Words of encouragement collected as precursor for Empty Bowl project
The public is invited to participate in the Make Your Mark, Thursday, Feb. 25, 5 to 8 p.m. at the Akron Art Museum.
Visitors may help decorate a select number of bowls that will be used at the Empty Bowl Project on Sunday, March 13 to benefit the Good Samaritan Hunger Center.
Over 200 bowls will be created by Zeber-Martell Studio and even though the event on March 13 is sold out, the Make Your Mark activity reaches out and connects the community with the event as visitors stamp words of encouragement and hope around the rim of the bowls.
Each bowl will be glazed and fired by Zeber-Martell Studio and be available for the Empty Bowl attendees to select their favorite the day of the event.
“Last year at the event, the hand-stamped bowls were the first to be selected by the guests…they were very popular,” said Michael Martell. “We have always believed that things made by hand offer a shared experience between the maker and the user. Simple objects can forge a connection.”
There will be about 30 freshly made bowls available for visitors to stamp at the Make Your Mark activity and potters Martell and Claudia Zeber-Martell will be on hand to assist visitors with the stamping. The event is free and open to the public.
The concept of the Empty Bowls Project is certainly not a new one but it is close to the hearts of the Zeber-Martell owners. “It really helps keep us grounded and reminds us of why we chose to be functional potters, plus it gives craft a purpose in the community,” he added. “The idea of making handmade pottery for everyday use is something basic to a potter’s nature.”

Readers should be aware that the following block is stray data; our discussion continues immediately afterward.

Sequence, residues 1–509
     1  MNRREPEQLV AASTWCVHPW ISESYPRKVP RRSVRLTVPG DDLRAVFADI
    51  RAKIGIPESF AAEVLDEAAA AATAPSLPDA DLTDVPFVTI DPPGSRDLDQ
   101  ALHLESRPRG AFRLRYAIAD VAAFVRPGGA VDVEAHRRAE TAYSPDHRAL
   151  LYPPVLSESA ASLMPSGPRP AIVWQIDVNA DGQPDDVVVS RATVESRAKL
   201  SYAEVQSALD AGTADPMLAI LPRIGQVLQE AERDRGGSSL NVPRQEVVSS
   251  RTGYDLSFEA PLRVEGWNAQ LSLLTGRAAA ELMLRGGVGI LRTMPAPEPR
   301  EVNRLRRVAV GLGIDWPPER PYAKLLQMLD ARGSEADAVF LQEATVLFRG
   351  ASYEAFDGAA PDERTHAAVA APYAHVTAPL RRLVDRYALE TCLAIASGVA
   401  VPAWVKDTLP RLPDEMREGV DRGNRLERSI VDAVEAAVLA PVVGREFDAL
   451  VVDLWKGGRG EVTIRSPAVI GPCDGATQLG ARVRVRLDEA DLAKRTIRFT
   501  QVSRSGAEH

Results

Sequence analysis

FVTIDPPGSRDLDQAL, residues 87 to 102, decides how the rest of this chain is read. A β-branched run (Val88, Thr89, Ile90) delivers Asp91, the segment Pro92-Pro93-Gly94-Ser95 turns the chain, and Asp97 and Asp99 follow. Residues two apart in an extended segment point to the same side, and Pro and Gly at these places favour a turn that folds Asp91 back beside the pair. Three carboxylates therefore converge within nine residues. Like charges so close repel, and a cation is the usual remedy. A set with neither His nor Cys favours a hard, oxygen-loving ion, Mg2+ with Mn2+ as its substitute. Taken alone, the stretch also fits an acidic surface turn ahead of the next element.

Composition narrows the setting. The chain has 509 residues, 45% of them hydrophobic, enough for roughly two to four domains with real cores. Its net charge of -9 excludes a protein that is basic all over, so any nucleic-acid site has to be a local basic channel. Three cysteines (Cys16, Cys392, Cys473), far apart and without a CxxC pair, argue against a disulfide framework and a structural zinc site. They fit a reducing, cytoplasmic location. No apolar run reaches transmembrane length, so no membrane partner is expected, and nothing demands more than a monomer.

This is the fifth year that the museum has hosted the event that benefits the Good Samaritan Hunger Center.
The 2016 restaurants providing signature soups and services are: Bricco, Diamond Deli, Fleming’s, Innovative Elegance and Design, Moe’s, Mustard Seed Market & Cafe, One Eleven Bistro, Stew Pot Kitchen, DelCelio’s Italian Restaurant, A Taste of Elegance, Breads of Fairlawn and Summit Croissants.
These local restaurants serve a simple meal of soup and bread. Guests choose a bowl to use that day and keep it as a reminder of all the Empty Bowls in the community. In exchange for the meal and the bowl, the guests offer a suggested donation and keep the bowl.
Using craft to effect change, The Empty Bowl Project answers the question “What purpose can craft serve in our community?” The act of coming together in a central location, participating in the communal activity of sitting down together, eating and sharing the experience with a desire to do good by helping alleviate hunger becomes an uplifting experience for all of the individuals involved.
By reaching out to the community, the project in turn, builds community, and through this event participants feel connected to all the others who shared this same common experience. Craft becomes an effective tool to connect the community. This is a moment when craft transcends its conventional definition and becomes a symbol of community and sustenance. In this way, the cultural and social implications of craft are fully realized.
Unlike most outreach projects by non-rofit arts organizations, this effort was an artist-led, grassroots initiative by private individuals.
Zeber-Martell Studio reached out to a social service agency to demonstrate that “the arts” have a sense of responsibility to the broader community. The project also demonstrates how artist themselves can use their talents to better the community during a time of great need and connect craft with community and community to craft.
For more information contact Michael Martell at (330) 253-3808 or visit zeber-martell.com.